Tony runs with it. His Iron Man suit is the key and future, and its here. Tony, his best friend James Rhodes, the evil Vanco who is living out his father’s raw deal, and the droids are all suited up.    Can one be well-meaning in the throes of narcissism? Iron Man does attempt to do so in lunatic hot bad boy mode. Great hair . . . Great goatee . . . Wearing his signature wife beater under his suit, Tony attempts to lead some flying destructive droids away from Flushing Meadow Park but that doesn’t work. He ultimately contributes to some environmental mayhem as he battles evil.   

      

Iron Man Makes His Big Entrance

At the fantasy park,  one element of World’s Fair remains including the unisphere, a representation of planet earth–the same planet that influenced the development his new element. Tony is both a destroyer and a savior.  He leads the droids into the metal unisphere, earth. He damages the unisphere. Ping ping ping–many of the droids go down and metaphorically the earth gets no respect.    

In another scene, Tony and James land (thump) in a Japanese garden inside a conservatory. I do not believe such a garden exists in the park so this is another creation for the purposes of the film. The filmmakers carefully construct manicured garden that does not truly parallel nature in the purist sense. In the battle, they laser down trees at mid-trunk. They burn, bomb, and laser this manicured garden; it is unrecognizable by the time Tony, James,Vonco, and the droids are done with it. Tony and James win the battle. They stand triumphant, machine over nature, in the wreckage of the Japanese garden. They don’t even consider the environmental disaster they have created. The military industrial complex has done it again.    In the closing credits, a Disney inspired song trills. Here’s the instrumental version: Make Way for Tomorrow Today. Tomorrow’s here and machines are in the garden much like BP in the Gulf.  The oil company is struggling to seal a ruptured pipe spewing oil into the Gulf of Mexico. Pelicans are drowning and smothering in crude oil. Shrimpers and fishermen have lost their livelihood. A Greek-like tragedy flashes daily across the screen on CNN much  like the environmental morality tale called Iron Man 2. 

Ok, so the producer and director are not responsible for the Gulf Crisis. But the movie they produced and directed is speaks to what ails people and the planet in the year 2010. Though the disaster in the Gulf caused by BP started after Disney filmed the movie, the scenes inside the unisphere and garden reflects a troubling disregard for our Mother Earth that goes back millenia.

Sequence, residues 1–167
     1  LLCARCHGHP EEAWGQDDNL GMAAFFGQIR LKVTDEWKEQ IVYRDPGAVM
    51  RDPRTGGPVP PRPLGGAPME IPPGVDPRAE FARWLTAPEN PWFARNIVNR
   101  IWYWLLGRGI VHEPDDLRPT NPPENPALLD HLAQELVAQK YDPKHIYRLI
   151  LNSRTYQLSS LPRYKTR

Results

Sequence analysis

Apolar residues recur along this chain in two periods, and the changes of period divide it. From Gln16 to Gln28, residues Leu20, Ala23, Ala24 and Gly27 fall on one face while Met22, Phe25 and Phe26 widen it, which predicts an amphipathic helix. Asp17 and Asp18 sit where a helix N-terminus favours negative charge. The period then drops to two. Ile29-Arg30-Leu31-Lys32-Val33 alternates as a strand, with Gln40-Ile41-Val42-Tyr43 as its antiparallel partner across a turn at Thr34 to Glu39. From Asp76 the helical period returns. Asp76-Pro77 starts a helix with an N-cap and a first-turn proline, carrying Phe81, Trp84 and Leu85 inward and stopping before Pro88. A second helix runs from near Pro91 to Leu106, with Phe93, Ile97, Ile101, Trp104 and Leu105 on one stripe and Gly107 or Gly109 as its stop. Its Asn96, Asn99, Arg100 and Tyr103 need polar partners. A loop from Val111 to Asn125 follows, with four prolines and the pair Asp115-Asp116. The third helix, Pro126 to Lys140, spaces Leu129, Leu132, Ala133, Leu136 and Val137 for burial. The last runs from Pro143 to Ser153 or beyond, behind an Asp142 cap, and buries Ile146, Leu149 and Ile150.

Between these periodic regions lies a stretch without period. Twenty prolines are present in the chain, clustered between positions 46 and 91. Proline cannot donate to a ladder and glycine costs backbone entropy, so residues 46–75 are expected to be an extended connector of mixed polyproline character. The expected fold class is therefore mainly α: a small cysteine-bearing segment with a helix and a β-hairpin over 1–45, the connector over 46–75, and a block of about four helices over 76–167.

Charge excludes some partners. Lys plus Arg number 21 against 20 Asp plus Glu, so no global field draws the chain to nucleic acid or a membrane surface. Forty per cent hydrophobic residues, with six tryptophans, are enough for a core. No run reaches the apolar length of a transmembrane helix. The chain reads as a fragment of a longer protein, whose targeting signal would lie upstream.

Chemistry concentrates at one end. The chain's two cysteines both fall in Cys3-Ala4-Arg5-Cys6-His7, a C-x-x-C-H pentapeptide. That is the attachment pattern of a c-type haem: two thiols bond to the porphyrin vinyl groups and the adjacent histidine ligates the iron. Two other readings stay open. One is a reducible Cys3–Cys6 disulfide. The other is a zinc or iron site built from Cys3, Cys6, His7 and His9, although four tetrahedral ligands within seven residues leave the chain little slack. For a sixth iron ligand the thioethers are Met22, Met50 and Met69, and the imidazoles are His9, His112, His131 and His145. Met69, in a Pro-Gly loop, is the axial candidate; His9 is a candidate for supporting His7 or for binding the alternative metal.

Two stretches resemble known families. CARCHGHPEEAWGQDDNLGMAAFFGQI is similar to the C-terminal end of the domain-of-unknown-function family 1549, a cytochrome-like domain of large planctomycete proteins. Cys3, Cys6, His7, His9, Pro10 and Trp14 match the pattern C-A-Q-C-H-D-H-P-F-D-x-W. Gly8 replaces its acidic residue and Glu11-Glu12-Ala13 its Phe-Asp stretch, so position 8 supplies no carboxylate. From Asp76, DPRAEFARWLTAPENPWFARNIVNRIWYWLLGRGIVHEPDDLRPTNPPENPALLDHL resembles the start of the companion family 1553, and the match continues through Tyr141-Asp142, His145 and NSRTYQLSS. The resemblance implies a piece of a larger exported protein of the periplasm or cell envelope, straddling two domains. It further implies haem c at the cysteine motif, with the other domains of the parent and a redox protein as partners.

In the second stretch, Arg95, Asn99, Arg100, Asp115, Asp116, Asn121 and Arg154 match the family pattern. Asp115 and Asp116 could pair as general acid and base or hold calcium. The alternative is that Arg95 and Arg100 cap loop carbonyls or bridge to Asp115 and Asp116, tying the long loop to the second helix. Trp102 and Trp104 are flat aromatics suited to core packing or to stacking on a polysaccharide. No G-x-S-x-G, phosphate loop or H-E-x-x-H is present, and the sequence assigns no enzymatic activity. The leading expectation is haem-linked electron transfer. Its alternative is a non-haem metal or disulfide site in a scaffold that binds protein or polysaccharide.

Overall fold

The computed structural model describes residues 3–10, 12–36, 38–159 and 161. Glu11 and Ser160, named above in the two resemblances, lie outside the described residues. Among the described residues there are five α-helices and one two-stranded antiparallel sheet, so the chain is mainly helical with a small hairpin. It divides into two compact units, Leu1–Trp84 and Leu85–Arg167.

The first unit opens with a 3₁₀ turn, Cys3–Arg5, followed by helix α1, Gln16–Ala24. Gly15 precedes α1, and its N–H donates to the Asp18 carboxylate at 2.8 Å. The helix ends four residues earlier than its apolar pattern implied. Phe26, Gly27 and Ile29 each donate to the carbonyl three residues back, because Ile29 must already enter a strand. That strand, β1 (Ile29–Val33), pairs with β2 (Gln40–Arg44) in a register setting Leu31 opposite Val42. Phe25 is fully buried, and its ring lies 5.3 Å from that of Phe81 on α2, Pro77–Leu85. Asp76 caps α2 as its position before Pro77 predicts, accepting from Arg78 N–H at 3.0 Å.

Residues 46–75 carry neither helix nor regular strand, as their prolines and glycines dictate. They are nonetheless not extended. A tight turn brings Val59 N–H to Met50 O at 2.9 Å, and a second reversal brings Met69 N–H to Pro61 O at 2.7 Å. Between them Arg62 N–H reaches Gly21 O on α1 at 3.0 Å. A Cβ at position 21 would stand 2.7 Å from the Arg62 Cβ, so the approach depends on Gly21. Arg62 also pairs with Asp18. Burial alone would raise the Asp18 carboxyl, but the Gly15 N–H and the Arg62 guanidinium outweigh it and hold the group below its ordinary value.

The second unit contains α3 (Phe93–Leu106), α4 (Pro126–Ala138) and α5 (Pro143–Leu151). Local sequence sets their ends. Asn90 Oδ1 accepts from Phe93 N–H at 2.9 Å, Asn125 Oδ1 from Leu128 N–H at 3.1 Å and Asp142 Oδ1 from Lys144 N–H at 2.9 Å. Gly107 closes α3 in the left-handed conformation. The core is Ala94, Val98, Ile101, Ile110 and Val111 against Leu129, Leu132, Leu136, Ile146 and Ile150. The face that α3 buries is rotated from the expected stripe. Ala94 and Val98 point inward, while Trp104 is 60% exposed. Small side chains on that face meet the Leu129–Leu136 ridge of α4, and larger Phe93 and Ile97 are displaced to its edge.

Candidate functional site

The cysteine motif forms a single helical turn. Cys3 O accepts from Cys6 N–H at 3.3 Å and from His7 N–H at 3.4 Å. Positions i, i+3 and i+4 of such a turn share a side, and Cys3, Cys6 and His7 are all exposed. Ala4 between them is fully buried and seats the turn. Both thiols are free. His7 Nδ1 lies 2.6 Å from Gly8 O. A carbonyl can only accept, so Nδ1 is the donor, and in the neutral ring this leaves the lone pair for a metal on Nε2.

We want the Gulf back the way it was. We don’t want that burned Japanese garden.   

Photos by Dianne Glave Unless Otherwise Noted

Splice The Movie: Makers Not the Creature are Dangerous

From nationalpost.com

WARNING: SPOILER ALERT

Don't Splice the Duck with Humans

I went to a matinée of Splice, thinking I was going to see a by the numbers horror film. The film is frighteningly more. It is a morality tale of arrogant humans playing at being the maker and abusing genetically manipulated creatures.

In Splice, Elsa (Sara Polley), a young woman, ranks as one of the most evil characters I have seen on film or television, or read about in literature. Elsa’s cool calm rationality, a scientific façade hiding behind her damaged psyche (yes, mommy issues!) is more chilling that an ax murder. Elsa operates outside the law and ethics to bio-engineer a creature from the spliced DNA of human and animal genetic material. It is unclear what animals are spliced in the experiment but Dren, the engineered creature, has legs, wings, and eyes like a bird, and a tail with a poisonous spike like a stingray.

Spliced with a Flower or a Vegetable? Hmmm.

The question for me throughout the film is who is evil? Is it Dren who does abominable things or Elsa and boyfriend Clive (Adrien Brody) who play god and manufacture evil. Much like Mary Shelley’s Frankenstein, the creation is both a sympathetic and evil character. The film is also a homage to the monsters in the Alien and Species movies.  So who or what is evil: the makers or the creature?

Throughout, Elsa and Clive have crossed ethical and legal boundaries but forge ahead. Ultimately, they fall prey to the evil they created. You’ll have to see the film to understand what I mean.

As I watched the movie, I thought about the Tuskegee Experiment in which African American men in Alabama with syphilis were test subjects used to track the ravages of the disease. Even when scientist discovered a cure, these same African American men were left to go insane and die from the disease as white scientists continued their inquiries.

As we continue to test the boundaries of genetic engineering, looking back to the bad and unethical science of the past, who or what is our nightmare and danger?

PHOTOS BY DIANNE GLAVE unless otherwise noted